About 25 million Americans, or 1 in 12 people, have asthma, a figure that is rising despite efforts to control key asthma triggers such as indoor smoking, U.S. government researchers said Tuesday.
According to the U.S. Centers for Disease Control and Prevention, an additional 4.3 million people were diagnosed with asthma from 2001 to 2009. The life-long disease causes wheezing, tightness in the chest, coughing and shortness of breath.
"Despite the fact that outdoor air quality has improved, we've reduced two common asthma triggers - secondhand smoke and smoking in general -- asthma is increasing," Paul Garbe, chief of the CDC's Air Pollution and Respiratory Health Branch, said in a statement.
"While we don't know the cause of the increase, our top priority is getting people to manage their symptoms better."
Asthma diagnoses increased among all demographic groups between 2001 and 2009, but children were hit hardest, with asthma affecting 9.6 percent of children, compared with 7.7 percent of U.S. adults.
The biggest increase in asthma rates was among black children, rising almost 50 percent from 2001 through 2009. Seventeen percent of non-Hispanic black children had asthma in 2009, the highest rate among racial/ethnic groups.
"Asthma is a serious, lifelong disease that unfortunately kills thousands of people each year and adds billions to our nation's healthcare costs," CDC Director Dr. Thomas Frieden said in a statement.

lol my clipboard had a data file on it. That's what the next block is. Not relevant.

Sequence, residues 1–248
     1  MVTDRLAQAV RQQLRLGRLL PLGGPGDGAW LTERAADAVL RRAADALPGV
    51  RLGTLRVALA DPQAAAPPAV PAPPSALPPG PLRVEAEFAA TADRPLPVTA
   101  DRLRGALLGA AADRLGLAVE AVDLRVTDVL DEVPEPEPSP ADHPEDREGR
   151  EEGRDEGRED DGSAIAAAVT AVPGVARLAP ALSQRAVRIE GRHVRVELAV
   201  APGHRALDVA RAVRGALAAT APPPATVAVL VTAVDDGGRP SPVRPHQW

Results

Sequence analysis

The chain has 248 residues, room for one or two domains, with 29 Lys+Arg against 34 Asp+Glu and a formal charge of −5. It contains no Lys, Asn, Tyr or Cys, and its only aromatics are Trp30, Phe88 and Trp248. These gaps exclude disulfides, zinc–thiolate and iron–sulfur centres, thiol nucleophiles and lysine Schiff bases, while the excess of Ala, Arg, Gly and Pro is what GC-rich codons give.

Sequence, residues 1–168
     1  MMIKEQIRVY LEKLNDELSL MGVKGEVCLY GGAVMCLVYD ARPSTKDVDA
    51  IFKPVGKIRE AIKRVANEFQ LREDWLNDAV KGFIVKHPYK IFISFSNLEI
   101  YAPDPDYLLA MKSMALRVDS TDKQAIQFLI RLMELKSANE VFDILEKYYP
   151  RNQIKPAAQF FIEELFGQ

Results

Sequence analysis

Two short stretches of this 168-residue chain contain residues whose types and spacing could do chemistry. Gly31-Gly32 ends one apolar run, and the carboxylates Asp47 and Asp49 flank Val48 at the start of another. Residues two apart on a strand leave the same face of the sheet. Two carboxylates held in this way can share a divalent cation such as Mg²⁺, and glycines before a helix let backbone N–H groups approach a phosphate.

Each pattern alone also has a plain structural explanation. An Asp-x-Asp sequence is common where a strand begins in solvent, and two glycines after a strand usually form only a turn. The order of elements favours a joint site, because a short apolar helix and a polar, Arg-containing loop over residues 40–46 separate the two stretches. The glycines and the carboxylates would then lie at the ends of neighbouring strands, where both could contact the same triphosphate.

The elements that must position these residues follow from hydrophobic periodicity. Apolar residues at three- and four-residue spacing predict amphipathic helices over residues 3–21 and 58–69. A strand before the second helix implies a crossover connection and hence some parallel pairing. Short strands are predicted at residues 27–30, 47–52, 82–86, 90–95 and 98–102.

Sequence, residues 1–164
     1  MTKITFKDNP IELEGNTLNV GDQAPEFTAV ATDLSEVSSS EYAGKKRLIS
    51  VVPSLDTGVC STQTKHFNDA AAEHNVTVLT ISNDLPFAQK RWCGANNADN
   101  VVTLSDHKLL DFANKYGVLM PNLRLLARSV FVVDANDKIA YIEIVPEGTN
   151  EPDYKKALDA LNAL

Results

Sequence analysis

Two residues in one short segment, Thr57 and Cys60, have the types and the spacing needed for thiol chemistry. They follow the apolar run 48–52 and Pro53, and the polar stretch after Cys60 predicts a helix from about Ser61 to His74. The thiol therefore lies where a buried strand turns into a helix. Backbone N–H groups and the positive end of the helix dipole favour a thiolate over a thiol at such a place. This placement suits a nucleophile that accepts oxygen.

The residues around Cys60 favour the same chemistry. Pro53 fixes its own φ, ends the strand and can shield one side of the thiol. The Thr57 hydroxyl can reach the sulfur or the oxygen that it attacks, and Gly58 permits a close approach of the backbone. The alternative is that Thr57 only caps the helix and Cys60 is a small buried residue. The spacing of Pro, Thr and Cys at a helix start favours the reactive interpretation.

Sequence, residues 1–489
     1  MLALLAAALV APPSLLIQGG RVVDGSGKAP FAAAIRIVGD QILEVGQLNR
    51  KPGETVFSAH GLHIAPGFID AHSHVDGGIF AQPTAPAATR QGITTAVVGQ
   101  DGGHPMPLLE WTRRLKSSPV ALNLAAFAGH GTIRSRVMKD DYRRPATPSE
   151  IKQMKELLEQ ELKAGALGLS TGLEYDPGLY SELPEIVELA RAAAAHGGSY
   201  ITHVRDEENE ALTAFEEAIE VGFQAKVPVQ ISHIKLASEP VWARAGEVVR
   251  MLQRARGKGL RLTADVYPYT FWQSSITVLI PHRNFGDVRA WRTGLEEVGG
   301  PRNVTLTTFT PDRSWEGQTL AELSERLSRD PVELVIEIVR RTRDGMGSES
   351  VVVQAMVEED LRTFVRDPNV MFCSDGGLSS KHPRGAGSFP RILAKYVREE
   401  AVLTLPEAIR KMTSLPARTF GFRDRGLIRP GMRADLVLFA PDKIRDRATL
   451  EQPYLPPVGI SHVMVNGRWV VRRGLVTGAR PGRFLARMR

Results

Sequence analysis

"We have to do a better job educating people about managing their symptoms and how to correctly use medicines to control asthma so they can live longer more productive lives while saving health care costs."
People with asthma can control symptoms and prevent attacks by avoiding triggers such as pollution and using prescribed medicine, like inhaled corticosteroids, as directed.
The cost of treating asthma rose about 6 percent to $56 billion in 2007, from $53 billion in 2002, according to the most recent figures. For patients, that's about $3,300 a year.
According to the study, about 2 out of 5 uninsured people with asthma, and 1 out of 9 insured people with asthma could not afford their asthma medications.
CDC experts said in a conference call that doctors needed to do a better job of educating people with asthma on how to avoid triggers that can cause an asthma attack.
Asthma triggers are usually environmental, such as tobacco smoke, mold, outdoor air pollution and infections linked to flu, cold-like symptoms, and other viruses.
The report was released to coincide with World Asthma Day, an annual event sponsored by the Global Initiative for Asthma.
Copyright 2014 by The Associated Press. All Rights Reserved.